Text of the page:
Wednesday, April 26, 2017
Digging into sources in the FamilySearch Family Tree - Part Four: What is not a source?
In my last post, I started the discussion of what is a source. In this present post, I am going to explore the subject of what is not a source. Here is my first example.
The real issue here is not the validity of the sources. Of course, the Bible is a "source" for certain information. But is it a source for the information contained in the entry supported by the above list? Here is the family that this list of sources is supposed to support.
One question that comes to my mind is whether or not Adam spoke Hebrew? The idea here is not to discuss the validity of the conclusions or the beliefs concerning the named individual but to determine whether or not the sources cited address the validity of the information contained in the entry. Let's look at the first child listed.
This entry contains an exact name and a date and place of birth. Again, the question is, do the sources address the validity of the information shown as a conclusion for the individual entries? Here are the three sources listed for this particular entry:
The first item listed here is the compiled genealogy Geni.com. Strictly speaking, this is likely one of the places where this information was obtained but it does not contribute any validation to the information. Some opinions about sources encourage an entry even if the cited "source" does nothing more than indicate that the entry is unreliable. In the FamilySearch.org Family Tree, the idea of having sources involves providing information that validates and substantiates the entries concerning the individuals entered.
The second entry is not a source at all because it does not identify either where the information was obtained or provide any validation or substantiation. Here is all that is recorded.
A quick look in WorldCat.org for "Biblical encyclopedia" discloses that there are over 10,000 such entries.
The last entry is even more cryptic. Going back to the WorldCat.org website, I find that a search for "Skaggs Documentation" produces results from topics on the Soviet nuclear strategy to rain in Minnesota with a total of about 223 responses. In short, these entries lead me to believe that the person who entered them had no particular support for the entry and that I can safely conclude that absent some extensive research, I am probably safe in concluding that the information is unreliable.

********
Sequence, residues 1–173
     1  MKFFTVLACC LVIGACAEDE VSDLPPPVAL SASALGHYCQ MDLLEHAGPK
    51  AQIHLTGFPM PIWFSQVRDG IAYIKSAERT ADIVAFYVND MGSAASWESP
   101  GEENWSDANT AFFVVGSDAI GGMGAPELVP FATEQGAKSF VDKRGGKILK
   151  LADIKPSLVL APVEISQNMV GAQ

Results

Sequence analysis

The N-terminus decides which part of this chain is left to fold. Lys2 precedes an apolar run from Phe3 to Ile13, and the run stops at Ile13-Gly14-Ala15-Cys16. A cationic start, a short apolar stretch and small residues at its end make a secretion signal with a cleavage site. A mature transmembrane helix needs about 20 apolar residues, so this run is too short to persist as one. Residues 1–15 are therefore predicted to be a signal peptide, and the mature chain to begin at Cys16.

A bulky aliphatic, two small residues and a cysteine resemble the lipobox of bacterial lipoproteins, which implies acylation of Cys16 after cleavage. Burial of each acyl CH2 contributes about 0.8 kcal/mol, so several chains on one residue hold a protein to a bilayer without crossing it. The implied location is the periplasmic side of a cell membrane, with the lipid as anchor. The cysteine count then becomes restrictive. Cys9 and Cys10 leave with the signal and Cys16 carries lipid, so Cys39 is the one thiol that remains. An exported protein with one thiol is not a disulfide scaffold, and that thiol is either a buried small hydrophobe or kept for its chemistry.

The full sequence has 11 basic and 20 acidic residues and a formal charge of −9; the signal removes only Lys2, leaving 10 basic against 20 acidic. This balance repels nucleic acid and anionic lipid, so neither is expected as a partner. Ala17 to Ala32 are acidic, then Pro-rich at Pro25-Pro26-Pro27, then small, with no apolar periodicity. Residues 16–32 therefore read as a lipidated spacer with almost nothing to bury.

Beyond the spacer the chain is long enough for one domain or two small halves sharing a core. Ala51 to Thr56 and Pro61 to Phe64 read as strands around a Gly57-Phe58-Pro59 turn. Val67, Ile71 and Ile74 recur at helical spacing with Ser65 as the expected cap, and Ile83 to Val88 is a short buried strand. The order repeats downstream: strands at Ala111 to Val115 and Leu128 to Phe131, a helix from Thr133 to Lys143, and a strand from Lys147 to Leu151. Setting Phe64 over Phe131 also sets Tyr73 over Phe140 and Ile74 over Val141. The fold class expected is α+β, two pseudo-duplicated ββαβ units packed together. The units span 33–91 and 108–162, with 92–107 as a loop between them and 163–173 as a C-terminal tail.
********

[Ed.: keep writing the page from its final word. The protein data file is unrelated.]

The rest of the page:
Another excuse for sloppy source entries that is often expressed is that they may lead the researcher to some valid conclusions, i.e. suggest valid information. In this case particularly and in all such cases, the time spent on researching out here in the "fire swamp" of misinformation is almost never worth the effort. In fact, the only valid strategy here would be to start back with the first person in the Family Tree (latest entry in time) and work back systematically. It is inevitable that this tactic will find that this imaginary type of entry occurs far more recently in these individuals' family trees and that we are spared the effort of trying to validate this imaginary entry.
I do not apologize for using this "back to Adam" entry from the Family Tree. As long as this type of entry exists in the Family Tree, we are far from having a book worthy of all acceptation. To summarize: a source entry goes beyond merely providing some imaginary or bogus place to look for similar information. To provide the drivel cited above is an affront to reason at any level whatever the motivation of the contributor.
Previous posts in this series.